Propositions At A Glance

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Failed - 52% no, 48% yes
Prop. 100 would amend the Arizona Constitution to authorize that up to 3 percent of state trust land be set aside for conservation without compensation to the trust.

Passed - 62% yes, 38% no
Prop 101 Constitutional changes would change several sections of the Arizona Constitution to match voting provisions to federal guidelines and existing state practice and to change references to people with disabilities.

Failed - 63% no, 37% yes
Prop 102 Wildlife initiatives would amend the Constitution to require a two-thirds vote, not just a majority, before an initiative on hunting or fishing could take effect.

Passed - 53% yes, 47% no
Prop 103 Corporation commission would amend the Constitution to give the Corporation Commission five members instead of three, change terms of office to four years from six and allow commissioners to serve up to two terms.

Passed - 64% yes, 36% no
Prop 104 Property taxes (seniors) would amend the Constitution to enable low-income seniors to have the property tax values of their primary homes frozen.

Passed - 68% yes, 32% no
Prop 105 Property taxes (cemeteries) would amend the Constitution to authorize the Legislature to exempt for-profit cemeteries from property taxes.

Passed - 56% yes, 44% no
Prop. 106 Would create a 5-member Citizen's Independent Redistricting Commission to draw legislative and congressional district boundaries instead of allowing the Arizona Legislature to do it.

Failed - 80% no, 20% yes
Prop 108 Phone deregulation would amend the Constitution to let local telephone service providers set their own rates and charges in areas with competition. Also would allow the Corporation Commission to use alternative methods to set rates.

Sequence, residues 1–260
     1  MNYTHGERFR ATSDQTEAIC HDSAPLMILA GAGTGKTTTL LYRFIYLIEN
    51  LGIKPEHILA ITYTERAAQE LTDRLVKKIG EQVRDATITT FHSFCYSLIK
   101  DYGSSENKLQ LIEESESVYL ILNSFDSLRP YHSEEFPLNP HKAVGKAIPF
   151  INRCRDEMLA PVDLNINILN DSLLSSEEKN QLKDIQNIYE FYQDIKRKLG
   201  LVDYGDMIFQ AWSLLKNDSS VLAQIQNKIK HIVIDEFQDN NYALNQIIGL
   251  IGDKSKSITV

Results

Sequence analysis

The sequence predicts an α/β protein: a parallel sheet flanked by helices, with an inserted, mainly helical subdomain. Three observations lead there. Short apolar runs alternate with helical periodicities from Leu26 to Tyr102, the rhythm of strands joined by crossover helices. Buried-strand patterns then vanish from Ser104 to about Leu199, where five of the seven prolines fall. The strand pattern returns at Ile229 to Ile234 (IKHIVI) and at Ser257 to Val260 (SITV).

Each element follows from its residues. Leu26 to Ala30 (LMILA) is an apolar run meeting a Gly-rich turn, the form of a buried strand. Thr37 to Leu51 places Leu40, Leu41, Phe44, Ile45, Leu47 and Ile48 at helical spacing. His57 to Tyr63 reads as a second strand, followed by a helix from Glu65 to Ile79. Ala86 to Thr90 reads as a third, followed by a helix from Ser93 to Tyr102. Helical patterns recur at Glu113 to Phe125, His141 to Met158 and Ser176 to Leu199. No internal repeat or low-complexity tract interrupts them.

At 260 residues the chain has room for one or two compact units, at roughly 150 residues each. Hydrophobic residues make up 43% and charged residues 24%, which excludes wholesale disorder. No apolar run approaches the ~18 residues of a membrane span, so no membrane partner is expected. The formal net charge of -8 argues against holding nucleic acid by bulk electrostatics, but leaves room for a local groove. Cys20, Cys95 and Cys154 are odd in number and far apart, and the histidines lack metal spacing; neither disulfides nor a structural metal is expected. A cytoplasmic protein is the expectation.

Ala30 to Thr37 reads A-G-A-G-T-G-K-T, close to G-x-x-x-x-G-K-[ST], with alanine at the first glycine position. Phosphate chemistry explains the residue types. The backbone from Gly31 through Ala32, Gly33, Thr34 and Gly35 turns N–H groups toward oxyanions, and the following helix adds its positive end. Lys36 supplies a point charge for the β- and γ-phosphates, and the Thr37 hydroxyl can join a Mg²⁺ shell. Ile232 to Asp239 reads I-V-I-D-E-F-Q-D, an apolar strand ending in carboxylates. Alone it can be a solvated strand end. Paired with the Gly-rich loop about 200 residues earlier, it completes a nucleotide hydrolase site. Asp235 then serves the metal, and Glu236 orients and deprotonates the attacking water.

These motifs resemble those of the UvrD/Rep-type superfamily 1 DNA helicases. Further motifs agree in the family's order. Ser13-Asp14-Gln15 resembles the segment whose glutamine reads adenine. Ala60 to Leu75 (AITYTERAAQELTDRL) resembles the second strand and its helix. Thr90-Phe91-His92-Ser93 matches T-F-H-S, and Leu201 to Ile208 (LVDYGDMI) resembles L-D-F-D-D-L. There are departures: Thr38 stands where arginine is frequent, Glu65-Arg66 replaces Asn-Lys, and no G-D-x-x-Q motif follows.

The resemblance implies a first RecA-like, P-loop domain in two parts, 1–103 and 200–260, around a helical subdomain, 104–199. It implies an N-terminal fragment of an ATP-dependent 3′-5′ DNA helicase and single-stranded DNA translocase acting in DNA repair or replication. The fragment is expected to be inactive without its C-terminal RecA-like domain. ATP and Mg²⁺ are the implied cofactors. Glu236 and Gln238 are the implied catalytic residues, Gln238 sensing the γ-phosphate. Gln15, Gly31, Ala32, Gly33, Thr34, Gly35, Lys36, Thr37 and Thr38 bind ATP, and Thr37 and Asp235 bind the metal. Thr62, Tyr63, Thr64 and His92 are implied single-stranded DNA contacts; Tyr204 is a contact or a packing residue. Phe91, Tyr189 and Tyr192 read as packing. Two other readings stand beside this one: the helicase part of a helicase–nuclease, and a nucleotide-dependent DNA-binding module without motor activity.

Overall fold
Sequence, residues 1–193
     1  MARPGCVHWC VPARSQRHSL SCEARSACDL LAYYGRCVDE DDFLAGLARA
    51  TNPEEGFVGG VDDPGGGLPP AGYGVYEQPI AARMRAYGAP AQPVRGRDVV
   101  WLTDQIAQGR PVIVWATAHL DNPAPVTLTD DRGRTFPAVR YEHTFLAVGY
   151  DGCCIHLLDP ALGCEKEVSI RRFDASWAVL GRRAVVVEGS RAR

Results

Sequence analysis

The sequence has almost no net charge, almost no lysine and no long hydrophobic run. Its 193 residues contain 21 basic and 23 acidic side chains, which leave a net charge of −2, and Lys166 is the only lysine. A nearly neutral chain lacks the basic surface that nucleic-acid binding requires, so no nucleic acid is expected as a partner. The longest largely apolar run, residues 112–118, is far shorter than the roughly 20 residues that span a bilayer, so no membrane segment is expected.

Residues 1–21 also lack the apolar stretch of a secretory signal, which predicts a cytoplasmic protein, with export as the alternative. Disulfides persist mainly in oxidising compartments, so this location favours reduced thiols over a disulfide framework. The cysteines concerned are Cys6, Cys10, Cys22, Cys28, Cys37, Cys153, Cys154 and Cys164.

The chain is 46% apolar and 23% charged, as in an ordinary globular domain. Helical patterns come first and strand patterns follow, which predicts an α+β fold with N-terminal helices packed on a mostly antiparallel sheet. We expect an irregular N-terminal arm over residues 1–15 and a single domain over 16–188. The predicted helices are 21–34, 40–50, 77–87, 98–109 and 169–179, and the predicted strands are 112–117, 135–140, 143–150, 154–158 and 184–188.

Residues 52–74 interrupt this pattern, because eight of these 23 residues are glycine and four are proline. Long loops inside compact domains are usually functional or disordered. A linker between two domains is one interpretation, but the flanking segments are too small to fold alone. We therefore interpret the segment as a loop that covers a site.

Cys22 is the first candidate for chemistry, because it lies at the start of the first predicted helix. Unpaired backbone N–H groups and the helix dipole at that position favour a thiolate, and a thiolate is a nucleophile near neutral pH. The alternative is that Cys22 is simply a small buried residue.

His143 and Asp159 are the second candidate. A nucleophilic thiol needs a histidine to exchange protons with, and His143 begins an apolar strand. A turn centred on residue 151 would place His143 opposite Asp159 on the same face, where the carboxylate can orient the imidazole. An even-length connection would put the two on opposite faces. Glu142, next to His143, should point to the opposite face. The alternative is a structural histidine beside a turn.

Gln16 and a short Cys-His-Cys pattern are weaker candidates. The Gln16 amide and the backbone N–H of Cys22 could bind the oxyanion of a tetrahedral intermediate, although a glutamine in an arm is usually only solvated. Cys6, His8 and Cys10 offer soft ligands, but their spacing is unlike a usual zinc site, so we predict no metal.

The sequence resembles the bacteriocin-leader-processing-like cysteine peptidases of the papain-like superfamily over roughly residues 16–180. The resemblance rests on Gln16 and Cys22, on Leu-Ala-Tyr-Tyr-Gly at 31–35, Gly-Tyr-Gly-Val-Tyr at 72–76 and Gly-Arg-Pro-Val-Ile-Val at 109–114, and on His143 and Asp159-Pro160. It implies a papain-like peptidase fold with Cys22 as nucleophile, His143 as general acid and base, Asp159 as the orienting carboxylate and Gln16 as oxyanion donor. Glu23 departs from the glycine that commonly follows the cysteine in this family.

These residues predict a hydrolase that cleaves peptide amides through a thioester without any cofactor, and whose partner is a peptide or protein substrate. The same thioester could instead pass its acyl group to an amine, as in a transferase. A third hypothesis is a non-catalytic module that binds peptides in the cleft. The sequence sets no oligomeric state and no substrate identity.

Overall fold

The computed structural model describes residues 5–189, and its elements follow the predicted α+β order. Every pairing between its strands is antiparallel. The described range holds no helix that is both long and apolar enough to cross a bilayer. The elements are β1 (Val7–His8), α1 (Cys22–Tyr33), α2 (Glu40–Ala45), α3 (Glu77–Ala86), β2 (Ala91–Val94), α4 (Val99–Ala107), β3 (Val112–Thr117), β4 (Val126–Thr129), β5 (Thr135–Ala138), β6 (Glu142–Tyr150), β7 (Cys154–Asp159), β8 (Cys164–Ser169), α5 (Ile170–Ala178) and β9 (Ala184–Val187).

Passed - 58 % yes, 42% no
Prop 200 Tobacco settlement money would change state law to dedicate Arizona's share of the multistate settlement with the tobacco industry on a variety of health programs.

Failed - 70% no, 30% yes
Prop. 202 Would require cities and counties with populations of more than 2,500 people to develop and institute voter-approved growth management plans within two years.

Passed - 64% yes, 30% no
Prop 203 Bilingual education would change state law to require public school instruction to be conducted in English and place students not fluent in English in a one-year, intensive-English immersion program.

Passed - 63% yes, 37% no
Prop 204 Tobacco settlement would change state law to dedicate Arizona's share of the multistate settlement with the tobacco industry on health care for the poor.

Failed - 64% no, 36% yes
Prop 300 Legislative pay would raise annual salaries of legislators to $30,000 from the current $24,000. Put on the ballot by a state commission.

Passed - 53% yes, 47% no
Prop. 301 would increase education funding to address Arizona's last-place national ranking in per pupil expenditures, the state's low teacher salaries, etc.

Passed - 51% yes, 49% no
Prop 302 will build a $331 million football stadium for the Arizona Cardinals with a retractable roof and a grass field that slides in and out like a kitchen drawer. It also includes $27 million for youth and adult recreation, $96 million for tourism promotion and $73 million to upgrade Maricopa County's major league baseball spring training facilities. The money would come from a 1-percent increase in the hotel-motel bed tax and a 3.25 percent rental car surcharge. The same revenue sources have been used for NFL stadiums in eight cities.

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